I’ve experienced this with almost everyone I’ve told. People go out of their way to say how genuinely happy they are (they always say genuinely – you know, to make it more sincere) and how they think it’s a lovely thing. It certainly is a lovely thing to have met the person with whom you want to spend the rest of your life and I suppose people relate to that, because it’s what we’re supposed to aspire to and because we’re constantly hearing about the break down of relationships and the family unit. So when a couple decides to get married, others – however remote or closely related – appear to latch onto the optimism that that decision represents. When people respond to Chris and me in that way, it makes me realise that we kind of take that decision for granted and that we forget its implications.

I wrote the following quotation in my diary on 11th March 2000 (when I still kept a diary – funny how things come around). I was 17 and determined never to marry and, at the time, believed that Moby (yes, the great philosopher Moby) had an excellent point.

“I tend to be faithful, but unhappy. I aspire to a steady monogamous relationship, absurd and arbitrary though it is. But one of the problems I have in committing to one person is I know so many remarkable people. When you think about it, though, you don’t only eat in one restaurant for the rest of your life, and you don’t only listen to one record.”

Well, it’s rubbish frankly. It’s true that I also know lots of remarkable people, many of whom I love very, very much. But the commitment to a single person for the rest of your life is an entirely different thing to that which Moby is talking about. If anything, the polygamous relationships that he prefers and which I am now turning my back on are absurd and arbitrary actually. The commitment that you make when you marry transcends that, I think. And I think that’s why people recognise it as a wonderful thing, even in people they barely know.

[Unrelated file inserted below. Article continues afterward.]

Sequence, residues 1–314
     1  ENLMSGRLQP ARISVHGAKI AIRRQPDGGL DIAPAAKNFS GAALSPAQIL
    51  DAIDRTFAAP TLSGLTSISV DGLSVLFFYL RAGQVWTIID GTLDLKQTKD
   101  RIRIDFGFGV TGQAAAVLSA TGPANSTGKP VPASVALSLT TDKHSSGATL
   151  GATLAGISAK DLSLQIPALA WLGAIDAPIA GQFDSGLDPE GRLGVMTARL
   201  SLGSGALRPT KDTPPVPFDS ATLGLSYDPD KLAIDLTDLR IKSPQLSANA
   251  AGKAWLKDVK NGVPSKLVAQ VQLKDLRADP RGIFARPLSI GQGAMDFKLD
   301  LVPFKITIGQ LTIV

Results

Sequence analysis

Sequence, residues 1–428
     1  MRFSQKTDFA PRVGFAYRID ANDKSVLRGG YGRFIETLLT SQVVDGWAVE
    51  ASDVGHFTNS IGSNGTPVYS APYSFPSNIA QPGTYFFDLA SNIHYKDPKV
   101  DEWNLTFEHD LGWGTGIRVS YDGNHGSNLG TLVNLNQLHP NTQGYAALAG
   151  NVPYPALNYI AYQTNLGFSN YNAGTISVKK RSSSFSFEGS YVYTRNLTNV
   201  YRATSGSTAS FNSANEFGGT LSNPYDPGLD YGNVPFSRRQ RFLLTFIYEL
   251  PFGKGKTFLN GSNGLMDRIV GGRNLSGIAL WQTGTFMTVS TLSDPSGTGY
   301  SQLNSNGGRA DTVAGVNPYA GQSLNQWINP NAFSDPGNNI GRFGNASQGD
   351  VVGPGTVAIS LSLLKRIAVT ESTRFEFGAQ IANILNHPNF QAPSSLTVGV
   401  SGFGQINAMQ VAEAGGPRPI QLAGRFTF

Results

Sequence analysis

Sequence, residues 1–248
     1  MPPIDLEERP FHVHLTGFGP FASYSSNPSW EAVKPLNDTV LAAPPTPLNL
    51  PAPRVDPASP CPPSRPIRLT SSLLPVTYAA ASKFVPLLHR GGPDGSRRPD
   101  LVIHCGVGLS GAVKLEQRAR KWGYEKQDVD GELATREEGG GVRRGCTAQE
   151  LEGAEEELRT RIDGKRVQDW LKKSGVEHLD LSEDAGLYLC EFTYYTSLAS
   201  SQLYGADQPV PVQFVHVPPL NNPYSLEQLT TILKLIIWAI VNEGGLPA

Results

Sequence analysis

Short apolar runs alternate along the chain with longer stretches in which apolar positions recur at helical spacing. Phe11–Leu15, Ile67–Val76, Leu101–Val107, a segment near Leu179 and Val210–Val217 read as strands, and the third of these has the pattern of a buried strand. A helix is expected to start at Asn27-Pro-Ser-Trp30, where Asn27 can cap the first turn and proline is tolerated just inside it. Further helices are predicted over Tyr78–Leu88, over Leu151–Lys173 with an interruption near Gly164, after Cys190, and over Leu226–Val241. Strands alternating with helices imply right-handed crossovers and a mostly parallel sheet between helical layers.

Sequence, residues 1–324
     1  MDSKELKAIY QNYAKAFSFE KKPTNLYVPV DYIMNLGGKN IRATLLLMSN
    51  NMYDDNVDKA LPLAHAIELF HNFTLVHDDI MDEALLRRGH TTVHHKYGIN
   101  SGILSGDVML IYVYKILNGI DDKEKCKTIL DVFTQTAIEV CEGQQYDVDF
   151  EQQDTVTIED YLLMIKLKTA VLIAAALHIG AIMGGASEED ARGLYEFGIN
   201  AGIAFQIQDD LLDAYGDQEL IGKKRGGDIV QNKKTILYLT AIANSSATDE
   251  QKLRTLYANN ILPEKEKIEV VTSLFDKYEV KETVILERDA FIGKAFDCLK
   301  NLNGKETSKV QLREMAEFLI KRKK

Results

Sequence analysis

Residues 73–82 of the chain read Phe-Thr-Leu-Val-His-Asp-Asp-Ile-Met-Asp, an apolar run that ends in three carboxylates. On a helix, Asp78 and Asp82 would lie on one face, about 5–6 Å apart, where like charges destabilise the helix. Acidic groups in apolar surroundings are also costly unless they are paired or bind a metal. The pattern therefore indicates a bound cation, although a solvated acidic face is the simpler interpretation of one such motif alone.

On a different note entirely, I am only a year and a half behind the times but I am now obsessed with Sowing Season (Yeah) by Brand New. Note that the video I’ve linked to was taken in front of me at the Reading Festival last year. And that I was asleep against a tent pole whilst all that was going on and missed the entire set. Damn alcohol, cigarettes and sleep-deprivation L

From my notebook

“As I write, we have no electricity – at work or at home. It’s like someone up there saw me melt down yesterday and gave me the perfect motivation to leave the office, come home and do my university reading. No TV, no internet, no distractions.

Although my house – deathly quiet apart from the ticking of the kitchen clock and distant burglar alarms triggered by the power outage – is a little eerie…”

At that moment, the hospital rang to say that my friend had come round from her anaesthetic and was ready to be picked up so I never did get that reading done. Of course, if I’d just got on with it instead of writing about it in my notebook…